Attention employers! If you’ve fallen behind with your superannuation guarantee (SG) obligations you now have an additional 12 months to “self-correct” under a new amnesty announced late last month.
Why has this amnesty been announced? Simply because it’s a big issue in this country. The ATO estimates that $2.85 billion is currently owed in late or missing SG payments. Running from 24 May 2018 for 12 months, the amnesty is actually doing you a favour. How? It encourages employers to reduce this SG gap by providing relief from the punitive penalties that normally apply to late payments.
Even if you don’t think that your business has an SG underpayment issue, it’s worth looking a little deeper and undertaking a payroll audit to ensure that your payroll calculations are correct, and that employees are being paid at a rate that is consistent with their entitlements under workplace laws and awards.
Do you qualify for the amnesty?
The amnesty applies to employers that have underpaid or not paid SG for any period from 1 July 1992 up to 31 March 2018.
To qualify for the amnesty, employers must disclose the outstanding SG to the Tax Commissioner using the SG Amnesty ATO payment form or the SG Amnesty Fund payment form where the payment has been made directly to the employee’s fund.
Let’s talk about your payment options
Your first option is to pay the full amount owing. If you’re not able to do that then you can enter into a payment plan with the ATO.
But there are a few things to keep in mind here:
- If you default on your payment plan the amnesty will no longer apply.
- Bear in mind that the amnesty only applies to “voluntary” disclosures. The ATO will continue its compliance activities during the amnesty period so if they discover the underpayment first, full penalties apply. The amnesty also does not apply to amounts that have already been identified as owing or where the employer is subject to an ATO audit.
So what do you actually have to pay under the amnesty?
Normally, if an employer fails to meet their quarterly SG payment on time they need to pay the SG charge (SGC) and lodge a Superannuation Guarantee Statement. The SGC applies even if you pay the outstanding SG soon after the deadline.
As an Employer you’ll pay:
- The SGC comprised of:
- The outstanding SG entitlements (although this component might be higher than what it would have been had the entitlements been paid on time)
- Interest of 10% per annum, and
- An administration fee of $20 for each employee with a shortfall per quarter
- Penalties of up to 200% of the amount of the underlying SG charge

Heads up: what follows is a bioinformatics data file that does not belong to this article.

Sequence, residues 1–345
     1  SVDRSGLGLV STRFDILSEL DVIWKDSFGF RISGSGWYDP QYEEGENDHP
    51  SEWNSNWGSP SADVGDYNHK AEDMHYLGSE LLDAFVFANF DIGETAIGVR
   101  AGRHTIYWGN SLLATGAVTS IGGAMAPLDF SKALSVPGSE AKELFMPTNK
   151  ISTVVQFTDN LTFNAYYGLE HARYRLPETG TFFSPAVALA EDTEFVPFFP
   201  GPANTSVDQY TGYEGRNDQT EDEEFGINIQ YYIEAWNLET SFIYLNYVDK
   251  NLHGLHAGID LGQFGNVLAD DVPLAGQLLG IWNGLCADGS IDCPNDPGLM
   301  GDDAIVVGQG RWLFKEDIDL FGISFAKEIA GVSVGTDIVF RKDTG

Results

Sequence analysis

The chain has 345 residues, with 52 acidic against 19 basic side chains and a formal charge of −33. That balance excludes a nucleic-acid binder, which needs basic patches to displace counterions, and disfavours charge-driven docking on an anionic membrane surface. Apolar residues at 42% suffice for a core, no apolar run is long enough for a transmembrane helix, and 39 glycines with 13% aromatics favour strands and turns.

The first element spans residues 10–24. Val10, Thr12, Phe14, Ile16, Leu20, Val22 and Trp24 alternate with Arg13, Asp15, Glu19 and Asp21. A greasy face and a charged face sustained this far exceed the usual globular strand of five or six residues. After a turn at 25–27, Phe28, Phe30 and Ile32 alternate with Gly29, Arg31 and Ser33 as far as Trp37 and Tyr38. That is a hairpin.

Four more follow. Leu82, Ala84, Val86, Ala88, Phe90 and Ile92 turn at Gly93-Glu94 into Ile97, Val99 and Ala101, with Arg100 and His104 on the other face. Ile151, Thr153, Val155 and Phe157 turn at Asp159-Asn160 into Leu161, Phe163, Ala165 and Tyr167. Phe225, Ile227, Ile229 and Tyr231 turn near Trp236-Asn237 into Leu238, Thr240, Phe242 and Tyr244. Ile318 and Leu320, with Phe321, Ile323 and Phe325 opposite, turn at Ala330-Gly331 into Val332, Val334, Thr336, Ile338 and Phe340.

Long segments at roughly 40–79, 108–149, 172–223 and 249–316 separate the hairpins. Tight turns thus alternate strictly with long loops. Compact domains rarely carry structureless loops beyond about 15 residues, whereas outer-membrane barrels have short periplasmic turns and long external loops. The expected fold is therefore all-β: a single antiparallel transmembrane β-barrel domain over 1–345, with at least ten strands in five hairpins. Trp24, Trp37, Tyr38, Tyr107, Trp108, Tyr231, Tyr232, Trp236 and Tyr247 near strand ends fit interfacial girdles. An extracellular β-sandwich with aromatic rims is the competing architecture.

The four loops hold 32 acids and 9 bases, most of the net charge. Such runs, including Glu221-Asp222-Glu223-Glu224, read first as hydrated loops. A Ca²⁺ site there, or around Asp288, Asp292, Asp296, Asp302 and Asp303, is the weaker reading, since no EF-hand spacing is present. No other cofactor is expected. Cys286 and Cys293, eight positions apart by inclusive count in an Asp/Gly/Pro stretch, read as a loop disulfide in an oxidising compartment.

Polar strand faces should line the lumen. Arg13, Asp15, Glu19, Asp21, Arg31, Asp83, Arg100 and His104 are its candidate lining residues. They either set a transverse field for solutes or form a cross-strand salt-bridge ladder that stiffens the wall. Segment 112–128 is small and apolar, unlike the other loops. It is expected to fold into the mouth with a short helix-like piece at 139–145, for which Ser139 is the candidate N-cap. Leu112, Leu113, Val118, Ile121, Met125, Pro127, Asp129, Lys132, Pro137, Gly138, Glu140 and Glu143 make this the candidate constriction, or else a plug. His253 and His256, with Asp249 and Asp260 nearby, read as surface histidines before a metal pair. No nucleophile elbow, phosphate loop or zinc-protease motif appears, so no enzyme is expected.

- A general interest charge if the SGC or penalties are not paid by the due date
On top of this, the SGC amount is not deductible – even if you pay the outstanding amount. That is, if you pay SG late, you can no longer deduct the SG amount even if you bring the payment up to date.
Under the quarterly superannuation guarantee, the interest component is calculated on an employer’s quarterly shortfall amount from the first day of the relevant quarter to the date when the SG charge would be payable (not from the date the SG was overdue).
Under the amnesty, employers pay:
- The SGC:
- The outstanding SG entitlements
- Interest of 10% per annum
- No administration fees
- No penalties
- A general interest charge.
An extra benefit of using the amnesty period to catch up is that the SGC amount is deductible. The ability to deduct SGC and the reduction in penalties could be significant for employers that have fallen behind with their SG obligations.
Special provisions exist within the legislation to automatically protect employees from inadvertently breaching concessional contribution cap limits if the unpaid SG is paid to the Commissioner and then transferred to the employee’s superannuation fund. Where the employer makes the payment directly into the employee’s fund, the individual would need to apply to the Commissioner requesting the exercise of discretion to either disregard the concessional contributions or allocate them to another financial year.
Where to from here?
Legislation enabling the amnesty is currently before Parliament and will not become law until at least June 2018. Despite this, the clock is ticking.
If your business has fallen behind on its SG obligations and is eligible for the amnesty, we’re here to work through the issues with you. There are several calculations that need to be completed and these may take some time to complete.